- "Just accept the Order. They are there. You can't avoid them."
In his quest to access the Isu vault in Siwa, Rudjek became one of the five in the Order directly responsible for the death of Khemu, son of the Medjay Bayek, in 49 BCE. The following year, he was tracked down by Bayek and slain in the Bent Pyramid of Sneferu as the first target on the Medjay's path of vengeance.
Quest for the Vault
Rudjek ruled the Saqqara Nome from Giza, contributing to the natron trade around the mines in the region. Bearing the cryptonym the Heron, he served as a member of the Order of the Ancients, a secret organization in Egypt whose goal was to impose a New World Order where they dominated the world and steered it in their vision. The Order had given Rudjek everything, including significant wealth, which made him supportive of their puppet, Ptolemy XIII, but his allegiance to the Order itself stemmed purely from the status it lent him.
In order to achieve their goals, Rudjek, alongside Flavius Metellus, Lucius Septimius, Pothinus and Medunamun, hoped to unlock the secrets of the Isu vault underneath the Temple of Amun in Siwa. There they gathered in 49 BCE with an Apple of Eden, but unable to find the means to open the gate to the vault, they concluded that their best lead would be the local Medjay Bayek.
By exploiting the young village boy Chenzira and his mother, Rebecca, the Order was able to locate Bayek at Halma Point and capture him and his son Khemu. That night, Khemu and Bayek were brought to the Order in front of the vault, where Rudjek insisted to the latter that, as Medjay, a sacred guardian of Egypt's people and heritage, he must have some knowledge as to how to access the vault. His assumption was false, and while the members of the Order were preoccupied, Khemu stole a knife from Rudjek which Bayek used to break free from his bounds. In the following altercation, Flavius drove the knife into Khemu's chest, killing him instantly.
- "We will find you. We will find you in your sleep!"
- ―Rudjek's words[src]
The following year saw Rudjek pursued by a grief-stricken and vengeful Bayek. It was at the Bent Pyramid of Sneferu that the Heron met his doom. Trapped within the chambers with his sworn bodyguard Hypatos incapacitated, Rudjek trembled before his adversary but made one last attempt to reverse the situation by hurling the knife used to kill Khemu at Bayek's head. Though sudden and swift, the Medjay intercepted it with the Heron's mask that he held in his hand. With no options left, the Heron could only gaze in horror before Bayek furiously slammed his mask back into his face — the knife still embedded within it skewering his brain.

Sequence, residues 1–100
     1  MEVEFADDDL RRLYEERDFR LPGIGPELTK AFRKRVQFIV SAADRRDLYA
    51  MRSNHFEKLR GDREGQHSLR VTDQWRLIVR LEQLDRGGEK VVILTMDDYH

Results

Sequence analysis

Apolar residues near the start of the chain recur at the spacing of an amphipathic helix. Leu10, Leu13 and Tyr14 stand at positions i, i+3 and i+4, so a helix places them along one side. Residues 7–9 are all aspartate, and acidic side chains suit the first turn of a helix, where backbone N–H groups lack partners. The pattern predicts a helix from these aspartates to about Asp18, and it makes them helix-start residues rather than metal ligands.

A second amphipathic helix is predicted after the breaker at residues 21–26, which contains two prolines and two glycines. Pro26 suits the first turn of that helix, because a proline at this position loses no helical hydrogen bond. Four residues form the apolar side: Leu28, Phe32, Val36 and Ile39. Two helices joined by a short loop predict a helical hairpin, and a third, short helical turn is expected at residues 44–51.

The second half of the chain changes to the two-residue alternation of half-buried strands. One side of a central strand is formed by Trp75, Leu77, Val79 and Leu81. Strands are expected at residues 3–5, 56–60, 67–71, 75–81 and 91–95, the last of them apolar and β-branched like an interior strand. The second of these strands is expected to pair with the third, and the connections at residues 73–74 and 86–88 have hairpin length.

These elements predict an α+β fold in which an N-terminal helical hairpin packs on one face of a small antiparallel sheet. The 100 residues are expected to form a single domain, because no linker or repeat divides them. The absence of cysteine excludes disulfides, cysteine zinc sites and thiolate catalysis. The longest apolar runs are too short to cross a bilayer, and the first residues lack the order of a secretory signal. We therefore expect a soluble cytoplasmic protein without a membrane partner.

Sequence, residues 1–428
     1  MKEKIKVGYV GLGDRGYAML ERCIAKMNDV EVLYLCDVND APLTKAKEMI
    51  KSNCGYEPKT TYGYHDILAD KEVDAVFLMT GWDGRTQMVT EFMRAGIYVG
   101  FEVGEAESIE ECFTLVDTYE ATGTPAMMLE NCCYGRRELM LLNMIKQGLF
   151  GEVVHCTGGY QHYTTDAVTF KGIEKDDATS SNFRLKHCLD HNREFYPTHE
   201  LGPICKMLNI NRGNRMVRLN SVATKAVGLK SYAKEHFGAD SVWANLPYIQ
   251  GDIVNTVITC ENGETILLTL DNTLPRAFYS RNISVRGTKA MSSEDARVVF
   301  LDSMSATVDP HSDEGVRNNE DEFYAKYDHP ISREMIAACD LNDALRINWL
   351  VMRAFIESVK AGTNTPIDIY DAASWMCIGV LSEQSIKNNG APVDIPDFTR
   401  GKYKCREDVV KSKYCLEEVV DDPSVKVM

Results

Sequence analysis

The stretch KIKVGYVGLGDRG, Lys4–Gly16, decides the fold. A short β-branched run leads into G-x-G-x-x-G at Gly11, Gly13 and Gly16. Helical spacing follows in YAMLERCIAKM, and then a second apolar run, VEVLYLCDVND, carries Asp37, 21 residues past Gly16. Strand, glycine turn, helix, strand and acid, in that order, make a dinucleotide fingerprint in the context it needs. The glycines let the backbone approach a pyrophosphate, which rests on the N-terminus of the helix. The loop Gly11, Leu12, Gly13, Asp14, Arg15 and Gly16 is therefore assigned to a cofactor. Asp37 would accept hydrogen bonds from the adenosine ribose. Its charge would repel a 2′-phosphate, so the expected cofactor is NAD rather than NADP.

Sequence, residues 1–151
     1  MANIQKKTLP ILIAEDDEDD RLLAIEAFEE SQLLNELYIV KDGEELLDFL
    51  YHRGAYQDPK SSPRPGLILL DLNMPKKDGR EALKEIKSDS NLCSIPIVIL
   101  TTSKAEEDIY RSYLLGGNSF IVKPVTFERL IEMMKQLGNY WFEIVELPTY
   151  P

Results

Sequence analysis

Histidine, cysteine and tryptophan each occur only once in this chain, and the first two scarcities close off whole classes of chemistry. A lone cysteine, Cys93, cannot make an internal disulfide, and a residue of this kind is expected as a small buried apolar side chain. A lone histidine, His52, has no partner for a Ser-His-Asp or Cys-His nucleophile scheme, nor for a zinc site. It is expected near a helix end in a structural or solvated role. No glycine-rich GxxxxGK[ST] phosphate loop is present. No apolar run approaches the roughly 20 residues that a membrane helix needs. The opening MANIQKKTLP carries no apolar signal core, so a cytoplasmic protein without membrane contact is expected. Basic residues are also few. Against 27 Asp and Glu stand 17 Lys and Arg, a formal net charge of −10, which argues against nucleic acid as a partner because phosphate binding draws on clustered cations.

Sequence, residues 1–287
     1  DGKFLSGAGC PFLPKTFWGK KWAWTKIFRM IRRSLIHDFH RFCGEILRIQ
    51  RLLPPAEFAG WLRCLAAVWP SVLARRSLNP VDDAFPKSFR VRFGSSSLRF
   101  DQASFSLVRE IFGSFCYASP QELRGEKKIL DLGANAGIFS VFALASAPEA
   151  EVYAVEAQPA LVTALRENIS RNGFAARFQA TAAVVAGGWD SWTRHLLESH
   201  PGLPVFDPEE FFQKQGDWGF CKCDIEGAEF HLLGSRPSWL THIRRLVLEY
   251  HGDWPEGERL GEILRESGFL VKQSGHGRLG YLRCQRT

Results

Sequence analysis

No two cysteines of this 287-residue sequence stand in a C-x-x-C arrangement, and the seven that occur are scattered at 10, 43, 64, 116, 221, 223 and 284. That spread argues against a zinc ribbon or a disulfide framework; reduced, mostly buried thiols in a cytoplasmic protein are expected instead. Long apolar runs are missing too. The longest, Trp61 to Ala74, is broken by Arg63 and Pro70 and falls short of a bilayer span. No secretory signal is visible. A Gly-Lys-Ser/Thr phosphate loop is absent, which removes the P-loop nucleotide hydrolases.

After his death, Rudjek's body was found by his mistress Suphia who laid him to rest and buried him in a sarcophagus in the pyramid. Both Suphia and Rudjek's bodyguard Hypatos, who survived his injuries, would go on to plot their revenge against Bayek in their own ways. The latter tracked the Medjay for months until finally confronting him above an Old Kingdom tomb in the outskirts of Siwa, only to fall to his blades as well. Suphia would meet a similar fate when her plan to infiltrate the rebels in Saqqara and lead them into an ambush by Ptolemy's soldiers failed to kill Bayek.
Personality and characteristics
In contrast to his compatriots, Rudjek lacked a sincere devotion to the cause of the Order of the Ancients. A man of weak ideals, he was to the very end a more or less average, if upper-class, individual with little aspirations other than a life of security and pleasure. For that reason, he felt himself fortunate to have become affiliated with the Order that bestowed upon him much wealth and many social connections. Quite the hedonist, Rudjek exploited his newfound power to increase his profits through the natron trade and acts of corruption. The benefits he received from the Order far exceeded any that he could ever have dreamed of, but his bitter end exposed the underlying truth that he was but a normal man sucked into a storm of dark conspiracies he was sorely underequipped to cope with. He was, in this sense, short-sighted, and his fervent support of Ptolemy XIII itself stemmed from the privileged position he enjoyed under him. This was to the extent that he could not fathom why anyone would ever oppose the boy pharaoh, lacking the capacity to understand that there were those who suffered under his regime.